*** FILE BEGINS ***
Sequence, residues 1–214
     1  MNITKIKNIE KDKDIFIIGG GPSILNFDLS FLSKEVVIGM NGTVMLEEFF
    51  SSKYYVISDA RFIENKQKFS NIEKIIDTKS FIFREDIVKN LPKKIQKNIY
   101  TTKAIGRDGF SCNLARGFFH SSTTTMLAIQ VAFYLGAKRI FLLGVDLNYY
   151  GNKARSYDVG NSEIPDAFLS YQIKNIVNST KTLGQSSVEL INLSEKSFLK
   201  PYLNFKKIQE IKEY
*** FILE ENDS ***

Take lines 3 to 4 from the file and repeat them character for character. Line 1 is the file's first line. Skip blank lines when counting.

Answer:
    51  SSKYYVISDA RFIENKQKFS NIEKIIDTKS FIFREDIVKN LPKKIQKNIY
   101  TTKAIGRDGF SCNLARGFFH SSTTTMLAIQ VAFYLGAKRI FLLGVDLNYY